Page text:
Will Santa Claus visit utility stock investors this year? The sector was out of the gate quickly to start the fourth quarter of 2013. But concerns about the “tapering” off of Federal Reserve bond buying quickly slowed things down.
Will the Federal Reserve really “taper” off its easy money policy? The stock market has already reacted, with dividend-paying stocks leading the selling: The Dow Jones Utility Average is now flat for the fourth quarter, after being up better than 5 percent through mid-November.
Barring a real financial earthquake, this will be the ninth year of rising interest rates since 1992.
2013 will also be the eighth of those nine that utilities and other dividend paying stocks finished in the black. The only exception was 1994, when deregulation fears upended electricity and communications.
Utilities also rose eight years when rates fell. All their biggest declines, however, were during years of falling interest rates, particularly 2008.
Utility stock prices ultimately reflect the health of underlying companies. Stocks of financially healthy companies with growing dividends always move higher. But when an economic calamity brings interest rates lower quickly, they can drop in a hurry.
Shares of transmission line operator ITC Holdings (NYSE: ITC) have dropped more than 14 percent from the all-time highs reached in early November. The immediate catalyst: A group of industrial users have demanded the Federal Energy Regulatory Commission cut its allowed returns.
Taper talk is heating up again as Federal Reserve Chairman-in-waiting Janet Yellen’s fate is debated on Capitol Hill. Rate hike speculation, however, is having much less impact on essential services stocks than it did this past spring. And one big reason is strong third quarter results.
Only three of the 28 current Conrad’s Utility Investor Portfolio recommendations have yet to report calendar third quarter earnings. That’s plenty of data to identify relevant sector trends, while we assess the health of individual companies.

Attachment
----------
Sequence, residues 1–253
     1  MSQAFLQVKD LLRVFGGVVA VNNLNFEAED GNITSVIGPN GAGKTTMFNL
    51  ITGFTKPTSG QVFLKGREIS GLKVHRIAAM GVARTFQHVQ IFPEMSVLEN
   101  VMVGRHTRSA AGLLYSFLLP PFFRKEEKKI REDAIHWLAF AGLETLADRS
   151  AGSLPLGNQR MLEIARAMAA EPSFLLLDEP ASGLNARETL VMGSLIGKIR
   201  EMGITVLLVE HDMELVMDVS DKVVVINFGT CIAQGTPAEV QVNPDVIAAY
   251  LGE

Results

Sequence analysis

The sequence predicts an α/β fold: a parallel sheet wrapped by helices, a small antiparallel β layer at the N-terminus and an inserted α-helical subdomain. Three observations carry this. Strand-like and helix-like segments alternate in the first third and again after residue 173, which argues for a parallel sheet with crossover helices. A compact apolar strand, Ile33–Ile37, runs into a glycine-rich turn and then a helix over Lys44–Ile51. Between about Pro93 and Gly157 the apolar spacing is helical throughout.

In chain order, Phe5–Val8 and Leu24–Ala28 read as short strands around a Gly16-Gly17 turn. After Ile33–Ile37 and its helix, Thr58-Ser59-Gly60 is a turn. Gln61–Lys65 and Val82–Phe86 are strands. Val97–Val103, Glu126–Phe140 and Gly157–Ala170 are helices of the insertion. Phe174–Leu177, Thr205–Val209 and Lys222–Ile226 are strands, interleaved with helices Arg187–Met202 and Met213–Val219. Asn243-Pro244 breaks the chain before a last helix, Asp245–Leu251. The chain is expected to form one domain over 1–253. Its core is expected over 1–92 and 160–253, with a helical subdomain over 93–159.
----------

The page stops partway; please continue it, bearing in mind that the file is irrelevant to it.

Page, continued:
The $48 billion leveraged buyout of the former TXU Corp by KKR & Co. LP (NYSE: KKR) and other private-equity outfits set record in 2007. Now, the company's impending bankruptcy underscores the risks of looking for a quick buck in the utility sector.
It’s been barely two weeks since Washington avoided the first federal government default, at least since the Articles of Confederation were in force. The autumn rally in stocks, however, actually began during the heat of the crisis.
The trigger was long overdue recognition the Federal Reserve isn’t going to abandon loose money until the economy is strong enough to handle it. All the “taper” talk that clogged the airwaves for months proved to be meaningless blather.
That’s hardly the first time conventional wisdom has proven disastrously wrong for the investors who bet on it.
The silver lining is resulting volatility was a solid opportunity to buy good stocks cheap. And thanks to that, we’ve already seen sizeable gains for the Conrad’s Utility Investor Model Portfolios, though they’ve only been around three months.
AT&T Inc (NYSE: T) was the only Conrad’s Utility Investor Portfolio pick to report numbers last week. Takeaway one is quite positive: The results followed closely those of arch-rival and co-Big Two US communications company Verizon Communications (NYSE: VZ).
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Roger's current take and vital statistics on more than 200 essential-services stocks.